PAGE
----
Thursday, March 8, 2018

Movie Review: "Every Day" (2018)

Director: Michael Sucsy
Year: 2018
Rating: PG-13
Running Time: 1 hour, 35 minutes

A teenage girl falls in love with a person who wakes up in a different body every day.

Did anyone even know this movie existed before it was released in theaters? Hardcore fans of the book may have been aware of its existence, but we saw absolutely no marketing for it. "Every Day" is directed by Michael Sucsy. Sucsy has only directed one other theatrically released film, and that's the romantic drama "The Vow." It is written by Jesse Andrews, who wrote the book and the screenplay for "Me and Earl and the Dying Girl." This time, Andrews has adapted a novel by David Leviathan rather than his own work. The film stars Angourie Rice as a teenage girl named Rhiannon. In this story, she leads a pretty conventional high school life. One day, her life completely changes when she falls in love with a person called 'A,' played by far too many people to list. Every single day, A wakes up in a different person's body, making an ongoing relationship with Rhiannon extremely difficult. Still, she and A try to make it work despite the obvious difficulties.

Every year, Hollywood puts out a schmaltzy teen romance movie where characters are presented with a unique set of problems to work around to show and love conquers all. Usually, that problem is a terminal disease or another rare ailment. Once in a while, a sci-fi fantasy-themed romance like this one gets released, movies like "About Time" or "The Time Travellers Wife," which are both about time travel and oddly enough both star Rachel McAdams. "Every Day," however, is not about time travel, but rather about an entity that jumps from body to body on a daily basis. This concept is what makes "Every Day" unique because it gets to explore love beyond the physical aspect of it. It deals with themes including true love being on the inside, that it doesn't matter what the person you love looks like or what social label we want to slap on them, it only matters how you feel about them. Throughout the movie, A jumps from man to woman, from a straight person to a gay person to a transgender person, to a disabled person, and into just about every ethnicity, black, white, Asian, Pacific Islander, bi-racial. Still, through it all, the only constant is A's love for Rihannon and her mutual love for A. Is it cheesy at times? Absolu-freakin'-lutely. Is it sappy and melodramatic? Of course it is, painfully so at times. Still, this underlying message of universal acceptance helps elevate this otherwise basic teen romantic melodrama into something a little bit more symbolic and hefty.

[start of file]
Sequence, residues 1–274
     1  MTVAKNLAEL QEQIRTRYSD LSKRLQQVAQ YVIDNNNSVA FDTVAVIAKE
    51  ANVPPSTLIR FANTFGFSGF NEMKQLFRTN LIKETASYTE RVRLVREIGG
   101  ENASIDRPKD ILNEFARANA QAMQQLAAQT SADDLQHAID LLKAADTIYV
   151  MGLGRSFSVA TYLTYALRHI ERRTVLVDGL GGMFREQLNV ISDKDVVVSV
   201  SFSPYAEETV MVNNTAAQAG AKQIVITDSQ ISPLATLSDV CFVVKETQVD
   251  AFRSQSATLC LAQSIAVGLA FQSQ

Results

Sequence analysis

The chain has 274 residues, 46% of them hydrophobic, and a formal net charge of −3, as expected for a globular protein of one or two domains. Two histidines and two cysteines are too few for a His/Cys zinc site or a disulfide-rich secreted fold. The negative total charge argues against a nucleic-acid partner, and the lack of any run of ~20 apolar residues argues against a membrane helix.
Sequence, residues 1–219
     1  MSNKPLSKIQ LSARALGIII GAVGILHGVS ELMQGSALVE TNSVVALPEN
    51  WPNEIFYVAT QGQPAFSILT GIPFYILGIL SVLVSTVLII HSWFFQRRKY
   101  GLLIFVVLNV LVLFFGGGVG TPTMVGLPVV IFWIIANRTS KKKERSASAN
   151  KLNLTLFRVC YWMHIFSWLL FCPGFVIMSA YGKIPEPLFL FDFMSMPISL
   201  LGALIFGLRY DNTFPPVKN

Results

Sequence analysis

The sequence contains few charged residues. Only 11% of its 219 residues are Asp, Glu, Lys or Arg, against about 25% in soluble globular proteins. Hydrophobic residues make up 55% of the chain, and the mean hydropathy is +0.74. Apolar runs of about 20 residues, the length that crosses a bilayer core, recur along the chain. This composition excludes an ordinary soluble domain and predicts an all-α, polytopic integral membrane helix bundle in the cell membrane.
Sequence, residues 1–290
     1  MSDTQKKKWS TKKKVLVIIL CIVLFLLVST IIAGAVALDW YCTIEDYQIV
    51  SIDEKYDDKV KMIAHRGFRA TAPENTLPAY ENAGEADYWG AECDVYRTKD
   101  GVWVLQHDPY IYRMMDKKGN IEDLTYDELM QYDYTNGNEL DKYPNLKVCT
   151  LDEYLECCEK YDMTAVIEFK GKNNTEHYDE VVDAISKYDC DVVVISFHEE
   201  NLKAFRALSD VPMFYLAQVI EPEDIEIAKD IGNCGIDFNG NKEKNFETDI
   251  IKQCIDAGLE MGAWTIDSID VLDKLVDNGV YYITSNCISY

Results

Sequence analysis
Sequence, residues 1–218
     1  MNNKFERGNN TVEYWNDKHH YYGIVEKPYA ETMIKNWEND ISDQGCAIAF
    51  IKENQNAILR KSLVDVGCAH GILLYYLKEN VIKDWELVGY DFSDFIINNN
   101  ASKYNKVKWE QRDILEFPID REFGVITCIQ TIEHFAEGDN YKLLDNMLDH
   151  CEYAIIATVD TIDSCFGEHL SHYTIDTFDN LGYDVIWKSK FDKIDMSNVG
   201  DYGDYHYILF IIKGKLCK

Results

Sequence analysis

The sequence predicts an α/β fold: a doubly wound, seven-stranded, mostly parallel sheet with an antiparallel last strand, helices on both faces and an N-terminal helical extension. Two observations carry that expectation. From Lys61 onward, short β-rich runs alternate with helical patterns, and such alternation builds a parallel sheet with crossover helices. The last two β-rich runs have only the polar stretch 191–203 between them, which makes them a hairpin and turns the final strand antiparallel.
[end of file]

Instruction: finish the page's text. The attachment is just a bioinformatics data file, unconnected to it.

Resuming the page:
"Every Day" is the kind of movie we would encourage our nieces and nephews to watch because the message is just that important. Angourie Rice also puts on a great lead performance, so it doesn't feel like such a grating slog. Despite some editing problems (audio and otherwise), if you or your kids are fans of teenage romance movies, "Every Day" will probably be right up your alley.

My Rating: 6/10
BigJ's Rating: 6/10
IMDB's Rating: ~5.9/10
Rotten Tomatoes Rating: ~64%
Do we recommend this movie: Sure, why not?

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